She said: “I think the trend is great as it focuses on empowering yourself and others who may be going through the same thing. However, I think it’s important for TikTok users who follow this trend to understand that the glow up doesn’t happen right away after a breakup.
“There are a lot of tears, anger and grief that you have to go through before you can even reach that stage to take care of yourself.”
Although Htet believes that the trend can benefit youths positively, she thinks that the overly positive nature of the trend tends to obscure the fact that people sometimes need more time to grieve and drown their sorrows.
She said: “Being positive is great, but it can be overrated sometimes. We, as human beings, are complex, and we don’t have a switch that goes from sad to happy with all the problems gone and lessons learnt.
“I think one thing that has helped me is to speak kindly to myself and take the healing process slowly.”
While youth like Victoria is certain that the breakup led to her glow up, others believe that it can happen at any time.
“I just happened to glow up after the breakup. Even if I was not in a relationship, I think I would still have glowed up,” said Sakthi Kumar, a 19-year-old polytechnic student.
Unlike most people who feel hurt and angry after a breakup, Sakthi was relieved when he ended his relationship.
His breakup became the catalyst for his mental development. He now no longer feels anxious to point out the red flags he was experiencing from his partner if he encounters them in the future.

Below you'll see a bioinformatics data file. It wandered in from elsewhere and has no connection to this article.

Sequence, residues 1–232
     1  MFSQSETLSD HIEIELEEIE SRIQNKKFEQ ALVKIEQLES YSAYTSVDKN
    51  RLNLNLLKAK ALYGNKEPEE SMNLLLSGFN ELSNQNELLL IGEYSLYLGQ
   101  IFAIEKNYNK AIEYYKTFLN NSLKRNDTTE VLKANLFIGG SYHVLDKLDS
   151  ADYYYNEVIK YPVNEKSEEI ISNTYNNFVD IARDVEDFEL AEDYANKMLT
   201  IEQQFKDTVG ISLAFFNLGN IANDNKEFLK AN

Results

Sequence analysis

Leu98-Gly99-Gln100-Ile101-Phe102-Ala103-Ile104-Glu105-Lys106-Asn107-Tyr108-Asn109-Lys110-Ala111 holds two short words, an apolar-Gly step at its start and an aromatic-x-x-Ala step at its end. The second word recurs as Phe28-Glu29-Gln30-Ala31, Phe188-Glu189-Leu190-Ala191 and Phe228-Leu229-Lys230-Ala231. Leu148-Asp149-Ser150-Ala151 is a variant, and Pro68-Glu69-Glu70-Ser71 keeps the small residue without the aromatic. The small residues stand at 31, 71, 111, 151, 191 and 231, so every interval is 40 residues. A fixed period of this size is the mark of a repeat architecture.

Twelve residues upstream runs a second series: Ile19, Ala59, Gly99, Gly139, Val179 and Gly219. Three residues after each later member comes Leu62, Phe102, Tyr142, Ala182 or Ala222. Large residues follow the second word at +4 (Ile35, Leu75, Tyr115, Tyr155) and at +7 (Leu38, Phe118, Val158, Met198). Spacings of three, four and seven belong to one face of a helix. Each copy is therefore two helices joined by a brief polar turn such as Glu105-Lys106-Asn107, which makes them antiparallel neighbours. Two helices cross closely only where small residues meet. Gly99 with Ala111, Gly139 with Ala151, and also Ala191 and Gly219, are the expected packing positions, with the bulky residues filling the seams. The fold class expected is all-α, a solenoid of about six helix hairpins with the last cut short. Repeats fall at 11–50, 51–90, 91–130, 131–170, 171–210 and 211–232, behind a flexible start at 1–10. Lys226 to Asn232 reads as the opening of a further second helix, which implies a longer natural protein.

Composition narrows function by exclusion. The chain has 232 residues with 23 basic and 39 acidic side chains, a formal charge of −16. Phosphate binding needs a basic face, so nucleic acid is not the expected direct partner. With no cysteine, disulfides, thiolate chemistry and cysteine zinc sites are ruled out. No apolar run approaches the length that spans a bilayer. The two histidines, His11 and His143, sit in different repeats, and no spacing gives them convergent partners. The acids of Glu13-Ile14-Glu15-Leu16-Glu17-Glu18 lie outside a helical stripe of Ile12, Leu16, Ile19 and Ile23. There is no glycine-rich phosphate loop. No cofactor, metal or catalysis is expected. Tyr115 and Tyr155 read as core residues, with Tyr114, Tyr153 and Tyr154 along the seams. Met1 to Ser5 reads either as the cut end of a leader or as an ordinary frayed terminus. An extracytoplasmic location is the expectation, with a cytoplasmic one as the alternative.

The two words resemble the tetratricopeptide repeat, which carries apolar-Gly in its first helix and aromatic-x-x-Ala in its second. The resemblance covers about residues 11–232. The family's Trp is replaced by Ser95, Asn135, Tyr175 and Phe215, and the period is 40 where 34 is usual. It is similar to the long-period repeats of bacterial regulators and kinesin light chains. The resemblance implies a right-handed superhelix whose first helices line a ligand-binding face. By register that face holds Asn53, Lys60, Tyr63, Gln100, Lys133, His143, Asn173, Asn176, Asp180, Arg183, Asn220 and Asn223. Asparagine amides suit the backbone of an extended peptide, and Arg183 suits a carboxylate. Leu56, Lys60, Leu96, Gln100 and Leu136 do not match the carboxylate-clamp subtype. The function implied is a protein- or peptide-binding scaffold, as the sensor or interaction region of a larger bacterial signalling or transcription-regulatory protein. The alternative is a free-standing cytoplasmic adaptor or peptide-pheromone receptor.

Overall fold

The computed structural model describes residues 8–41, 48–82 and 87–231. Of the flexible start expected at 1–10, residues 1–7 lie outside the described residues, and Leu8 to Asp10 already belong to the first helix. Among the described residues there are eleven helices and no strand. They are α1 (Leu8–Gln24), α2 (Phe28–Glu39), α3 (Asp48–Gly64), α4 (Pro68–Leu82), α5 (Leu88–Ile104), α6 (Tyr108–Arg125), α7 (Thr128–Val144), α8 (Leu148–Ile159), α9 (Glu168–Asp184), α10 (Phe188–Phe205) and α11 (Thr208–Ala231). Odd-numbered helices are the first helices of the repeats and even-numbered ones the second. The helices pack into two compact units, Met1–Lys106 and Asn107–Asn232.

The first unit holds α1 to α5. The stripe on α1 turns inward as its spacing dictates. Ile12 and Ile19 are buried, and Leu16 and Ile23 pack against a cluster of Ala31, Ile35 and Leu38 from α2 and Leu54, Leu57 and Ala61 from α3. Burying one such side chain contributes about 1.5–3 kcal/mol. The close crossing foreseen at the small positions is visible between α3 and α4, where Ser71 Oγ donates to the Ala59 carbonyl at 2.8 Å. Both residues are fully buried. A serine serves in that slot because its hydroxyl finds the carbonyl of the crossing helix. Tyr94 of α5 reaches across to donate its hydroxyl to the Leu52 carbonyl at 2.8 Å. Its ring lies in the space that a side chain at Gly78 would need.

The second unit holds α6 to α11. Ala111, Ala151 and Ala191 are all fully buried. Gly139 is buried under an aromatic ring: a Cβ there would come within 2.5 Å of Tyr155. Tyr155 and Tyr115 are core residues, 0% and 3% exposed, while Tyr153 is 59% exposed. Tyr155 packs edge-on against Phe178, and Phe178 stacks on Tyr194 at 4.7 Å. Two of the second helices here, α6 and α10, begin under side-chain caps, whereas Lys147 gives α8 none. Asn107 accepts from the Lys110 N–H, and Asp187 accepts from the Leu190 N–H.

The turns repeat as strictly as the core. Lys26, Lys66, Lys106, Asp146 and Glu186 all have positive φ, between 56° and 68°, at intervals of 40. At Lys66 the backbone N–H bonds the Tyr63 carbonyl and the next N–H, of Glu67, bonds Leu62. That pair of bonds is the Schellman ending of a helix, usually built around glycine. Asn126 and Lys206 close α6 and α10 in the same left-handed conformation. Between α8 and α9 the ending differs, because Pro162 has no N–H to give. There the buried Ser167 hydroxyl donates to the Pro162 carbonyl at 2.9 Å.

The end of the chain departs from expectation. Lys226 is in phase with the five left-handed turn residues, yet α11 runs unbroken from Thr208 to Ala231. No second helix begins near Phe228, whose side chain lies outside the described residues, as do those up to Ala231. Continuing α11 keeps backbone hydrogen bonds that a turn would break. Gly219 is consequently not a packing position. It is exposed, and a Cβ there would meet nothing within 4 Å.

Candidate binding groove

He said: “Your glow ups shouldn’t be because of an external factor. It should be something you realise within yourself.
“I wouldn’t want to say that I glowed up because someone else let me down and failed me. If you glowed up, it should be something you notice and want to improve in yourself.”
Although it doesn’t hurt to better ourselves mentally and physically after a breakup, it is clear that giving ourselves time to grieve and reflect is also part of the journey to glowing up.
The trend could perhaps be a fun approach to show how much people have transformed since their relationship ended.
While it is harmless to follow such a trend, learning to heal our wounds and taking the time to grieve is probably a more helpful step to feeling better after a breakup.
“Heartbreak doesn’t last forever and time heals all wounds. But if you need to do anything to feel better, just do it, as long as it’s not harming you in the long run,” Sakthi said.
Singapore-born panda cub now measures at 51.5cm and weighs 3kg
Teahouses in Singapore that will bring out your inner tranquili-tea
Five things to do this weekend (Oct 8-10)
Singapore expands Vaccinated Travel Lanes to eight more countries
Netflix releases 11 Squid Game virtual backgrounds for your online meetings
MOH publishes map of areas COVID-19 patients have visited
New MOH website outlines what to do if you test positive for COVID-19
Five things youth should know on how Singapore will manage COVID-19 situation
10 Korean fashion online websites that will leave you spoilt for choices
Ben’s Cookies holds closing down sale at their last outlet in Wisma Atria